Get inspired with the Artyarns Inspirations Club!  A unique way to receive a surprise limited edition color of Merino Cloud every other month, with optional Beaded Silk & Sequins to match. Each club installment also comes with an exclusive pattern. These colors will not look like anything else we have. They are exclusive to the club and once they’re gone, they can no longer be ordered.

There are a limited number of memberships available. Reserve your spot and join the club at any participating retailer (listed below). If your favorite yarn shop isn’t on the list and you want them to carry the Artyarns Inspirations Club colors, have them contact us.

Grandma’s Spinning Wheel (Tucson, Arizona)
Isabelle’s Parlour (Wickenburg, Arizona)
Red Scottie Fibers (Eureka Springs, Arkansas)
The Twisted Skein (Bakersfield, California)
Knitique (Elk Grove, California)
Jennifer Knits (Los Angeles, California)
L’Atelier (Redondo Beach, California)
Yarning for You (San Marcos, California)
Everything Alpaca Castle Rock, Colorado)
Longmont Yarn Shoppe (Longmont, Colorado)
Knit & Pearl (Avon, Connecticut)
Knitty Gritty Yarn Girl (Niantic, Connecticut)
Westport Yarns (Westport, Connecticut)
Knit 2 Together (Vernon, Connecticut)
Sheep Thrills (Leesburg, Florida)
Twisted Ewe (Garden City, Idaho)
The Loopy Ewe (Goshen, Indiana)
A Great Yarn (Chatham, Massachusetts)
The Wool and the Floss (Grosse Pointe, Michigan)
Nautical Yarns (Ludington, Michigan)
Silver Creek Cabin (Buffalo, Minnesota)
Earth Faire (Newfoundland, New Jersey)
Yarn Refuge (Reno, Nevada)
Pick Up Every Stitch (Mt Kisco, New York)
Knitting Cove (Port Jefferson, New York) (Tivoli, New York)
North Tahoe Knits (Incline Village, Nevada)
Fine Points (Cleveland, Ohio)
Knit Wit Knits (Salem, Ohio)
Main Street Yarn (Rebersburg, Pennsylvania)
Punto Reves (San Juan, Puerto Rico)
Yarn Cloud (Occoquan, Virginia)
Great Yarns (Everett, Washington)
Sheep’s Clothing (Kennewick, Washington)
Cabled Fiber Studio (Port Angeles, Washington)
D Marie Knit and Fiber (Prairie du Sac, Wisconsin)



Mont Tricot (Canada)
Tricolette (Canada)
Jubie’s (Canada)
La Vie Laine (Canada)
Sew Much More Yarn (Canada)
Dibadu (Germany)

My name is Iris Schreier and I have ADD (Attention Deficit Disorder).  I get distracted, multitask and therefore have at least 10 knitting projects going on at once.  If you are at all like me, chances are you’ll enjoy my modular knitting designs. Here’s why:

1.  Easy to memorize–there is order and consistency in my modular designs, which make them perfect for knitting while watching tv, or multitasking (as an ADD person I do that most of the time). I like to throw away markers and instructions once I establish the “system” and keep going by reading my work.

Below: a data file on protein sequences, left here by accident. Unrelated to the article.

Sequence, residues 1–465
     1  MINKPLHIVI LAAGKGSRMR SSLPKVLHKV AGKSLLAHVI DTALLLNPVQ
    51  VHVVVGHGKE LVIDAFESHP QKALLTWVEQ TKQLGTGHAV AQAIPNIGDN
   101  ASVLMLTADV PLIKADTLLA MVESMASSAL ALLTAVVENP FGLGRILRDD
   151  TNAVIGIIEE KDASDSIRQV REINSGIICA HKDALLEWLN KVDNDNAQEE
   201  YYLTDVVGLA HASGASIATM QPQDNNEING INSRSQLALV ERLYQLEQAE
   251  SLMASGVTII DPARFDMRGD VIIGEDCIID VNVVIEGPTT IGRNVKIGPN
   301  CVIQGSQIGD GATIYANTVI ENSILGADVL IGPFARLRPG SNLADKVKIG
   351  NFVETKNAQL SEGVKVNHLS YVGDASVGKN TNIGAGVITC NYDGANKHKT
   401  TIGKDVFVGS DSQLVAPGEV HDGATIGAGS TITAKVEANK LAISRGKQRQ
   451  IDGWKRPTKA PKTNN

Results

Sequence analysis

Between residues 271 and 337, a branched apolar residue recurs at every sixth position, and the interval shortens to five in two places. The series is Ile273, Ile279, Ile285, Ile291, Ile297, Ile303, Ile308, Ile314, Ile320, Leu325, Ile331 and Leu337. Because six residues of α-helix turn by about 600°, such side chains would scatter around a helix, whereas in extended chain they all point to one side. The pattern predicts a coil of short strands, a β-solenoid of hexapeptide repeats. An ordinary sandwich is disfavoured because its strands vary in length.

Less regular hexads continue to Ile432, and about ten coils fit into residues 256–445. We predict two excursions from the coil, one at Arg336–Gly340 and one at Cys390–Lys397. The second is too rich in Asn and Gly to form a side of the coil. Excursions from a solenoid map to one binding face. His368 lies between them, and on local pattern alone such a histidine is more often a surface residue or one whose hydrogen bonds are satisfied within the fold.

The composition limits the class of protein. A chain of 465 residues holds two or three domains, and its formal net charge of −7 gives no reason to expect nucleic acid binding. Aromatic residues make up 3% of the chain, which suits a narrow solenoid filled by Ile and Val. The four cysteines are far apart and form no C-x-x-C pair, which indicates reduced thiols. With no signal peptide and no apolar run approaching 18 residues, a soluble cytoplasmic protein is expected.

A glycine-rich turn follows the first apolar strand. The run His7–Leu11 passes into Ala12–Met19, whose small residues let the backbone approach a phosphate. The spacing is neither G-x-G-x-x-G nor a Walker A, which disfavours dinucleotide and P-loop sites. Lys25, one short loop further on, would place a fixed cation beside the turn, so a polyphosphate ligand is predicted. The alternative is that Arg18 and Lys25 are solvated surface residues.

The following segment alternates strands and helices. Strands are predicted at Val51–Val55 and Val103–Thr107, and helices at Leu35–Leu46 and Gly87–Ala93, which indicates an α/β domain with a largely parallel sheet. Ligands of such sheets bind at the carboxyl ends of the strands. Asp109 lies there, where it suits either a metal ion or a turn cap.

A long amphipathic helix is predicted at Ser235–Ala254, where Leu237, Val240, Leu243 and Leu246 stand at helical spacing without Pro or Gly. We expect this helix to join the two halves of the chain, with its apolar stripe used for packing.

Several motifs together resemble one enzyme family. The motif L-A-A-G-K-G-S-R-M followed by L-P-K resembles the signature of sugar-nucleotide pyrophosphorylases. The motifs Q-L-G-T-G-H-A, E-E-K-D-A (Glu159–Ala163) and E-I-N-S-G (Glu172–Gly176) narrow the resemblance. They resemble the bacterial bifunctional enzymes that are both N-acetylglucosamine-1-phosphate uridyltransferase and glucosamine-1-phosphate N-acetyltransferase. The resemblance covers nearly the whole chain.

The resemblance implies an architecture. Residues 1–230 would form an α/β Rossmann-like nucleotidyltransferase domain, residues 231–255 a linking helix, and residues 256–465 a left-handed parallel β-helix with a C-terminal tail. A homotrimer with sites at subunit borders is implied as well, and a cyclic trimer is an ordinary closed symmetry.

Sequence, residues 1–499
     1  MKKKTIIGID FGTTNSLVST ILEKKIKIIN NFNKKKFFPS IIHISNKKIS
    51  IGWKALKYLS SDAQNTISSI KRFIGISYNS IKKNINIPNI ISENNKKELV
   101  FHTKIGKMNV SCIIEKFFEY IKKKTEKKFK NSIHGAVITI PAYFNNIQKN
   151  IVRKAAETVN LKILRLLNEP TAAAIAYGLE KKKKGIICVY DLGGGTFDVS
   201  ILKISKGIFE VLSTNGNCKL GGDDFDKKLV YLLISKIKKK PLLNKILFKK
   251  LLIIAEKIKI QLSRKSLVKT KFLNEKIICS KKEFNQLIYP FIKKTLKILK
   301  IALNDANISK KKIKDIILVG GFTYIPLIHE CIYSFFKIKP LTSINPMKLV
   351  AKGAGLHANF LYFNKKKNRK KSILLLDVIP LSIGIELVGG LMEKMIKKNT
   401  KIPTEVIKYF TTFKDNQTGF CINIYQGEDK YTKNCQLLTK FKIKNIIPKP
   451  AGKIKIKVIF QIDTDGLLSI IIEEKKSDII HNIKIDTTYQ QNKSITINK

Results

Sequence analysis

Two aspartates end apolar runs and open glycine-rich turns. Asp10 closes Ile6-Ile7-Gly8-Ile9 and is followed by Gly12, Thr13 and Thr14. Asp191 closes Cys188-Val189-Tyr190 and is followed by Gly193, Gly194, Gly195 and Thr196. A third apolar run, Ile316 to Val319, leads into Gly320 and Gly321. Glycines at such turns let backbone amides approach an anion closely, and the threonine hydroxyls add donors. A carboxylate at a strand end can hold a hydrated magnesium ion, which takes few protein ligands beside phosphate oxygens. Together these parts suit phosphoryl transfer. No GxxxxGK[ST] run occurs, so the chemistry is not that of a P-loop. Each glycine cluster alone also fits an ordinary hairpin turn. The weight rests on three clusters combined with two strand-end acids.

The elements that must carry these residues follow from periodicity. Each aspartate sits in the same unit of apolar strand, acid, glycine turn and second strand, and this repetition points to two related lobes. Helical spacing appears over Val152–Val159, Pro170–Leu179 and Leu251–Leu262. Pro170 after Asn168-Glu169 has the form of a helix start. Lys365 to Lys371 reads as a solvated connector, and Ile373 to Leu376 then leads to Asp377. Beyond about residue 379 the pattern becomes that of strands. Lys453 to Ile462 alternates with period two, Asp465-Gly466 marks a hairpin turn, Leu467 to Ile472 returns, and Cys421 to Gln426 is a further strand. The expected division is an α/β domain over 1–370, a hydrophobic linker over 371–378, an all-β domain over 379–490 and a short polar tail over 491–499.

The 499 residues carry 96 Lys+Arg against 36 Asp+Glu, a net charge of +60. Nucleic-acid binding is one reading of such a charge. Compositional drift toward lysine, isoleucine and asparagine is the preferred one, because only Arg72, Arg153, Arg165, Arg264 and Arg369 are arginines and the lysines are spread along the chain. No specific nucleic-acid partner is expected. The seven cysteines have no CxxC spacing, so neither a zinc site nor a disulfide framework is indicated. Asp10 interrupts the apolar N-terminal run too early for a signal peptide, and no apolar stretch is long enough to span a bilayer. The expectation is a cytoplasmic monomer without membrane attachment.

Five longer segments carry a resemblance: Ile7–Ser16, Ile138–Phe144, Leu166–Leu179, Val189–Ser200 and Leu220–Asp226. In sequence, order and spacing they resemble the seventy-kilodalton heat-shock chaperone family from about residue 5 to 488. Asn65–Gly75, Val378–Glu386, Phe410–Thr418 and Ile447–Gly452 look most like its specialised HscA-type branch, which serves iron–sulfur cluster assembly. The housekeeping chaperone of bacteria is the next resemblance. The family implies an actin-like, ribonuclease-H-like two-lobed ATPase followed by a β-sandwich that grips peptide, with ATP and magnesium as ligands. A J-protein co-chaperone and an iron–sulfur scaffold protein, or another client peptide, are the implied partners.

2. Capture the knitter’s interest–if I get bored knitting garter stitch (knit every row) then i turn my work, and voila, multidirectional knitting saves the day.


3. Startle others (in a good way, one hopes)–love to hear people ask me “how did you do that???”


4. Endless possibilities–I love the unpredictability of it all, the way adding a simple lace or cable pattern creates dramatic results, and seeing how different stitch patterns intersect.


5. No pooling–all yarns and colors look great in this.  That said, you want to knit with the finest quality yarn you can afford, and the Artyarns brand is very reliable for its purity–no synthetic or poor imitation.  Count on our yarn for zero Nylon filler.



How to begin?

Abbreviations used in this tutorial:
Kfb: Knit into the front and the back of the same stitch (making 2
stitches out of 1 stitch)
S1: Slip one stitch knit-wise
SKP: Slip one stitch knit-wise, knit next stitch, pass slipped stitch over
knit stitch (making 1 stitch out of 2 stitches)
TURN: Turn piece over to start knitting on other side
Live Stitches: Stitches that are being worked on and are part of short row
Unworked Stitches: Stitches that are not being worked on and not part of
short row



Here’s a brief lesson.

Right Triangle (90 degree angle)
Cast on 10 stitches
Lesson 1–Exercise 1
Row 1: Kfb, k1; turn
Row 2 and all even-numbered rows: S1, k to end; turn
Row 3: Kfb, k3; turn
Row 5: Kfb, k5; turn
Row 7: Kfb, k7; turn
Row 9: Kfb, k9; turn
Row 11: Kfb, k11; turn
Row 13: Kfb, k13; turn
Row 15: Kfb, k15; turn
Row 17: Kfb, k17–at this point there should be no more Unworked Stitches on needle. You will have a perfect Right Triangle with 19 stitches.

Equilateral Triangle (3 equal sides)
Continue to knit using the 19 Live Stitches on the needle created in the
above Exercise.
Row 1: Kfb into the first stitch, SKP, TURN
Row 2: S1, K to end
Row 3: Kfb, K1, SKP, TURN
Row 4: S1, K to end
Row 5: Kfb, K to last Live Stitch, SKP, TURN
Repeat rows 4-5 until there are no more Unworked Stitches on needle. You
should have a perfect Equilateral Triangle with 19 Live Stitches.
Want more?

Sign up for our newsletter and I’ll be sending out some free lessons on Multidirectional knitting in each newsletter issue:

Sign up to my up to my Craftsy class.  Here’s a link to a $20 discount.

Or check out some of my multidirectional patterns on Ravelry:


This is still on the needles but I can tell that it will be a really pretty shawl, and I’m so excited to have you join me on this adventure.  The best thing about this pattern is the unpredictable nature of how different colors will show off the design.  I am using Ensemble Light, which is 400 yards per skein of the softest yarn you will likely encounter, and it is perfect because of the great amount of texture in this pattern stitch.  I recommend it highly.